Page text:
Christopher Leinberger is the author of “The Option of Urbanism”. From his position, there is a distinct shift in consumer preference toward walkable urban settings. Others, such as Joel Kotkin author of “The Next Hundred Million” concede this possibility. He does not believe older urban centers will play much of a role – there is simply too much demand despite effective advocacy. Creative retrofit thinking about the old urban world originated by Jane Jacobs, storied by Roberta Gratz or routinely described by Richard Florida, the Brookings Institute, Urban Land Institute, and others is fine, but the market for suburban areas will continue grow much faster. One reason is there is nothing to stop it, but the main reason is there is so much more of it and there is of the old centers. The development errors that the Brenman comment on refers to is about the failure of regional planning not urban development. RPA, Brookings, Lincoln, Harvard Housing, are all screaming 2050 like Chicken Little” — this means nothing to the 50+ crowd running thousands of micro-municipalities of the nations megaregions.

    The idea of urbanizing and retrofitting the suburb is a continuation a long-standing process. I live in a community (house built in 1915) that was a suburb in New York City called Flatbush. The city/suburb is not the dichotomy that many picture. The national expansion and annexation by cities reduced urban density from 1970 to 2000. Growth continues as an “out not up” process. It is cheaper to build and faster for cash. Aside from tiny investments in regional planning for transit oriented development and private initiatives to spot incentive sites, there is little else. The question of linking affordable housing and transportation policy did not occur officially until 2010.

    These rejections come at a price. Measure it by the need for (or the lack of) effective regional planning to pick where the battles for density, affordable housing, and a quality urban life must be won. Without it, all we will have are the poor examples that Brenman clearly illustrates.

  3. R. John Anderson
    Posted August 2, 2010 at 9:43 am | Permalink

    It will take further decline and dis-investment for some suburban municipalities to figure out what is right in front of them. Fear and NIMBYism trump common sense and the fiscal health of a community. It is often easier to get people to show up to fight something they don’t understand than to gather them to build a place worth caring about.

    Where are the elected officials with the integrity needed to talk their city off the ledge?

  4. Posted August 2, 2010 at 10:23 am | Permalink

    A bias against apartments is a problem in many small American cities (although not in our successful big cities like Chicago, New York and San Francisco). Working in Gentilly and the Ninth Ward in New Orleans, this was one of the biggest problems we had in trying to plan walkable neighborhoods.

    But if we only look at this as a quantity issue, and don’t also talk about quality, we’re not going to make much progress. Outside of our biggest and economically most successful cities, the quality of apartments built today is usually abysmal. In New Urban projects, finding a developer who will make an apartment building that’s not downright ugly is very, very difficult.

  5. Gloria Bruce
    Posted August 2, 2010 at 12:05 pm | Permalink

    Thanks for a thought piece. I can relate to that lone project supporter. When I served on my neighborhood council as the only tenant, the only person under 30, and the only person of color, I was stunned by how my usually kind and liberal neighbors fought tooth-and-nail to keep out multifamily buildings. This was not a downmarket neighborhood, but an affluent inner-ring suburb where developers presented well-designed buildings and even innovative, affordable options like co-housing. I’ve since moved to a nearby neighborhood that’s more racially and socioeconomically diverse and in need of investment – and it’s heartening to see my neighbors welcome a planned transit village and new units. We have some legitimate concerns about how this massive new development will affect our gentrifying neighborhood, but I suspect that in 10-15 years in it’s our district, not the beautiful but staid anti-growth zone where I used to live, that may be the most desirable place for the broadest number of people. Yes, growth needs to be responsible and resident participation should be encouraged. But even urbanists need a continuing process of education – our cities must evolve and welcome denser, affordable housing to stay relevant, prosperous and sustainable. (For the record, I’m a homeowner now and still would fight for more rental housing!)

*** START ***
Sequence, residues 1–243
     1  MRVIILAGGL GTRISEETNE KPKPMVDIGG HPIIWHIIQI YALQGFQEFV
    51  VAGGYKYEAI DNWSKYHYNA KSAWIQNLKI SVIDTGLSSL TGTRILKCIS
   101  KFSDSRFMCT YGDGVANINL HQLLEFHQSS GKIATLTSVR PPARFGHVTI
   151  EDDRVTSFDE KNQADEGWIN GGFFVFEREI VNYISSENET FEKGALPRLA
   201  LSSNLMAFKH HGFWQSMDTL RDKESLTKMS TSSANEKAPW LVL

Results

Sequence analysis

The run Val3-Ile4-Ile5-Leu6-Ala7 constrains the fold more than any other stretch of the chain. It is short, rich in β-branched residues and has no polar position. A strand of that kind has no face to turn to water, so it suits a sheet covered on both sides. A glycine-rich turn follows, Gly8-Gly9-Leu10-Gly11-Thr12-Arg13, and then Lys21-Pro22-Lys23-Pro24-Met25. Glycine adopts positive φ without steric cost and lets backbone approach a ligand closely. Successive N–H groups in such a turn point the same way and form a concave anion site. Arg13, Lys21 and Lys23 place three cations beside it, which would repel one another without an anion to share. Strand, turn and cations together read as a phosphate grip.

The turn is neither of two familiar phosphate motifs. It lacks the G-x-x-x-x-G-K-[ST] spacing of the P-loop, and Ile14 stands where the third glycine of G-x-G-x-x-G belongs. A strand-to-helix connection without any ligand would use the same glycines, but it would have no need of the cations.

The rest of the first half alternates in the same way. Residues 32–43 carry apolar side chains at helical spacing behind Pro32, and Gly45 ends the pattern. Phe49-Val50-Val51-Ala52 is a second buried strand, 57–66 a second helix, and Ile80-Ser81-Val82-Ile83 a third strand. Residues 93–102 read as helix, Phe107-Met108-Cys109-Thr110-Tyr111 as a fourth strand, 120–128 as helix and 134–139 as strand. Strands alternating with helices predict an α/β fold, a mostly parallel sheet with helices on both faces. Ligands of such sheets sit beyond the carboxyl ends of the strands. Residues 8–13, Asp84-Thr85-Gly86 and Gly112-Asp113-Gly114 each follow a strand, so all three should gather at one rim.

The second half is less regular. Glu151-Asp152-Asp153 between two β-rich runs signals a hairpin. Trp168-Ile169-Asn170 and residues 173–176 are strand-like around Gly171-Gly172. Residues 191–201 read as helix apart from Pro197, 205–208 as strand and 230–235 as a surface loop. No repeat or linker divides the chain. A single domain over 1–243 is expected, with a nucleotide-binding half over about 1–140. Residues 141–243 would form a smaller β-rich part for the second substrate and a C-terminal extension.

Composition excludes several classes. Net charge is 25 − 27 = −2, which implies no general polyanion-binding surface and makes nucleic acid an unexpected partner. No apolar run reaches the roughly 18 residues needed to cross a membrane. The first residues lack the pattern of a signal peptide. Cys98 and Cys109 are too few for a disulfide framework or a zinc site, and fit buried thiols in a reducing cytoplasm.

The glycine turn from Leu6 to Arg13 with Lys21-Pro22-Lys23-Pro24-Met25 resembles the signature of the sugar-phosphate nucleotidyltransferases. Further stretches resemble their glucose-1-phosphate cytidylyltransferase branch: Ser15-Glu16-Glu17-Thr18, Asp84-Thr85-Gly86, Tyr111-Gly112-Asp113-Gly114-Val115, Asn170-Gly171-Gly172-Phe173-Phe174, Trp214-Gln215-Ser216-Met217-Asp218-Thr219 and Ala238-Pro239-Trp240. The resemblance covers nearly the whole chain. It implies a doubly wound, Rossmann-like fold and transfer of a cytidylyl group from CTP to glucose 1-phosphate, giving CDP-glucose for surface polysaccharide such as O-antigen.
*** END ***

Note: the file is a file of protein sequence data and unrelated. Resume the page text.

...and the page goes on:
6. Posted August 9, 2010 at 5:25 am | Permalink

    I read with great interest Sam Newberg’s piece on rental housing NIMBYism in the August 1, 2010 issue of Barry Bluestone, Dean of the School of Public Policy at Northeastern University and I were two of the authors, along with Ted Carman, President of Concord Square Development, of the report leading to the passage of the Chapter 40R Smart Growth Zoning Act in Massachusetts, signed into law in mid-2004 and fully operational at the beginning of 2006. Since then we have witnessed the passage of 33 40R districts—requiring a 2/3 vote of the local governing body—in 31 different (and very diverse types of) communities in Massachusetts, resulting in more than 12,000 units zoned as of right for multifamily housing, almost all of it rental, with 20 percent required to be affordable. We are, of course, very proud of this record and continue to “sell” 40R to any community that will listen.

    As I read Sam Newberg’s very on-target piece, it occurred to me that (beyond local leadership), two things are generally missing from the mix at the local and state level:

    1. An incentive for cities and towns to allow rental and affordable housing. Chapter 40R includes both financial and non-financial incentives: up-front State cash bonuses, further cash bonuses upon the issuance of building permits, a school cost “insurance policy”—called Chapter 40S, and more. AND

    2. A concentrated effort to keep older rental housing in good repair so that it doesn’t poison the local view of such housing forever. In Massachusetts, since there has been such a high barrier to production of rental housing for more than 40 years, most rental housing has been built under the auspices of Chapter 40B (the Anti-Snob Zoning Act, now under serious attack) and financed by quasi-public agencies (MassHousing, Mass. Housing Partnership, MassDevelopment) which then invest a lot of time and effort in monitoring and management oversight. Those developments look almost as good 40 years after they were built as when they were new. When I ran MassHousing with Marvin Siflinger (1983-1995), management oversight was a major focus of the Agency and it has remained so to this day; these tens of thousands of rental affordable housing units can be shown to dubious local leaders as evidence that well-designed and well-maintained rental housing can be a continuing asset to a community.

    For more information about Chapter 40R, please check out , the Commonwealth Housing Task Force’s website on the Boston Foundation portal. A good summary of current progress is in every Quarterly Report, the most recent of which is from June 30, 2010. Full disclosure: I’m a Co-Chair of the Task Force and the primary author of the Quarterly Reports, even from Oslo, where I am currently living and working during my husband’s service as U.S. Ambassador to Norway.